Transboundary Aquifer Assessment Program (TAAP)

Many communities along the U.S.-Mexico border generally rely partially or completely on transboundary aquifers for industry, agriculture, and drinking water, however, information on water needs, water quality, and the extent and functioning of these aquifers is incomplete. The surface water supply in this region is limited and typically fully appropriated, and alluvial aquifers connected to these surface water bodies are critical for maintaining public supply. Jurisdictional oversight of transboundary groundwater resources is managed by a variety of local and national entities.

Major population centers within the project study area include:

  • El Paso, Texas,
  • Las Cruces, New Mexico,
  • Ciudad Juárez, Chihuahua,
  • Nogales, Arizona, and
  • Nogales, Sonora.

Recognizing the need to systematically assess priority transboundary aquifers along the U.S.-Mexico border, the 109th Congress of the United States enacted the “United States-Mexico Transboundary Aquifer Assessment Act” in 2006 as Public Law 109-448. This law was followed by binational negotiations that led to the 2009 signing of the “Joint Report of the Principal Engineers Regarding the Joint Cooperative Process United States-Mexico for the Transboundary Aquifer Assessment Program.“ This document, which was signed by US and Mexican Principal Engineers serving on the International Boundary and Water Commission (IBWC), established the authority and framework under which personnel in the United States and Mexico could jointly study shared aquifers.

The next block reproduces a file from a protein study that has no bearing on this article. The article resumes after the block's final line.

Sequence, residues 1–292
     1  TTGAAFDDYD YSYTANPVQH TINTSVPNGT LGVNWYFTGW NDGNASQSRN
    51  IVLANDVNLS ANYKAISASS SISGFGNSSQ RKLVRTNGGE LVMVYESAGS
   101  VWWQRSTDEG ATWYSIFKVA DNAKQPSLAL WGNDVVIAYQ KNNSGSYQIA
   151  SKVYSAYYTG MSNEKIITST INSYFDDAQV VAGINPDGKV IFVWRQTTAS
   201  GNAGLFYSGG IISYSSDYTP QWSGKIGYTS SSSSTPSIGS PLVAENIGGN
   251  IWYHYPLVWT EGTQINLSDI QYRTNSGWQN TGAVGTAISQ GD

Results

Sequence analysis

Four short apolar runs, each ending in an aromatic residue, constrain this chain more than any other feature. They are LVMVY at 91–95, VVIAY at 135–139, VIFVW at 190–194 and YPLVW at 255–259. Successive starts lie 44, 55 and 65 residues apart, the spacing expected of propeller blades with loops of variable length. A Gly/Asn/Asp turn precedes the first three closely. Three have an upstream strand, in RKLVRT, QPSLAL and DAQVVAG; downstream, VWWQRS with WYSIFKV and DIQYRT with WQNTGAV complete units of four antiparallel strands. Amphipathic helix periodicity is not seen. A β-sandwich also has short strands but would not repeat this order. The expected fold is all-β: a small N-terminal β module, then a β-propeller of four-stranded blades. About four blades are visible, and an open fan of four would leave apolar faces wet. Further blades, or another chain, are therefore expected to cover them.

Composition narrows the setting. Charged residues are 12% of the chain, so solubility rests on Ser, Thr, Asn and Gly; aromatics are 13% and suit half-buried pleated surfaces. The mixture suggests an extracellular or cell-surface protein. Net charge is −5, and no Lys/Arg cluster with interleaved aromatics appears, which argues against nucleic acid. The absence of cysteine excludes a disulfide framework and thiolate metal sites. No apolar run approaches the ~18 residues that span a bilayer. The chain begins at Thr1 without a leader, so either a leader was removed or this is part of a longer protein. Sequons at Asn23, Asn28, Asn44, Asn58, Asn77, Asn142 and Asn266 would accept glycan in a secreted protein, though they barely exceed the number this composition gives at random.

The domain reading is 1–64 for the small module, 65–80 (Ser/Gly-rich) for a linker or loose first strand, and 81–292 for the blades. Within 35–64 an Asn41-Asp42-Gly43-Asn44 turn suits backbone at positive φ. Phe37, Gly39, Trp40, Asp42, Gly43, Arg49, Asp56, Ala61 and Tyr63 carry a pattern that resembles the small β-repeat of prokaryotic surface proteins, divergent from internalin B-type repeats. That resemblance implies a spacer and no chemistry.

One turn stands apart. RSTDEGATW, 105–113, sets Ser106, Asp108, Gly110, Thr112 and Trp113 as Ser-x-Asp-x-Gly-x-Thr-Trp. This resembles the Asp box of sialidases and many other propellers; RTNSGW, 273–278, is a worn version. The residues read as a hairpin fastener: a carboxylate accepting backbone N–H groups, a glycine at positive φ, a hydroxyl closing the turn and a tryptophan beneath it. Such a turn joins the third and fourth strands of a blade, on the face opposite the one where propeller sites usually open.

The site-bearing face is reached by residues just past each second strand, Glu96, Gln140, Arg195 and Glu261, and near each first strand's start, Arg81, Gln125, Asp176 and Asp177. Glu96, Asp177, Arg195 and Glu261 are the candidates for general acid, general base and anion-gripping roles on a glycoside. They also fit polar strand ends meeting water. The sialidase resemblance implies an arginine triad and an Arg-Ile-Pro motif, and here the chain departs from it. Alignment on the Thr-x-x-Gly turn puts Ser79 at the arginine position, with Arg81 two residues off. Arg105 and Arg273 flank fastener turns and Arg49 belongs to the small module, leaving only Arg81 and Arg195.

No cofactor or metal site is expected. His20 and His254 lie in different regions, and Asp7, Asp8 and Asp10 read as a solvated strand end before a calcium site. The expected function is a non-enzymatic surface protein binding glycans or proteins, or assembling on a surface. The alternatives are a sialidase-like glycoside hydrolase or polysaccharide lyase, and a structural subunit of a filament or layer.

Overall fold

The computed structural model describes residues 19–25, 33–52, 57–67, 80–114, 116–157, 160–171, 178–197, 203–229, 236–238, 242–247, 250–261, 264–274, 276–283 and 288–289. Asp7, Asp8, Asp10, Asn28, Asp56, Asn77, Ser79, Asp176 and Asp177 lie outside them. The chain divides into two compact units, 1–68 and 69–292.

Objectives of the Transboundary Aquifer Assessment Program (TAAP) include:

  • Develop binational information and shared databases on groundwater quantity and quality;
  • Identify and delineate transboundary aquifers of importance;
  • Develop binational criteria for determination of priority transboundary aquifers;
  • Assess the extent, availability, and movement of water in transboundary aquifers and the interaction with surface water;
  • Develop and improve groundwater-flow information for binational aquifers to facilitate water-resource assessment and planning;
  • Analyze trends in groundwater quality, including salinity and nutrients;
  • Apply new data, models, and information to evaluate strategies to protect water quality and enhance supplies; and
  • Provide useful information to decision makers, including assessments of groundwater management institutions and policies.

Ongoing projects under TAAP represent a collaboration among the U.S. Geological Survey Water Science Centers and the Water Resources Research Institutes of Arizona, New Mexico, and Texas. Furthermore, IBWC facilitates bilateral projects and collaboration with universities and federal agencies in Mexico such as the Comisión Nacional del Agua and Universidad de Sonora. Currently, identified priority transboundary aquifers include the Hueco Bolson and Mesilla Basin in Texas and New Mexico, and the Santa Cruz and San Pedro aquifers in Arizona.

Transboundary priority aquifers. Click for full size map.


IBWC Principal Engineers Antonio Rascón (right) and John Merino (left), sign the “Joint Report of the Principal Engineers Regarding the Joint Cooperative Process United States-Mexico for the Transboundary Aquifer Assessment Program”, August 19, 2009.

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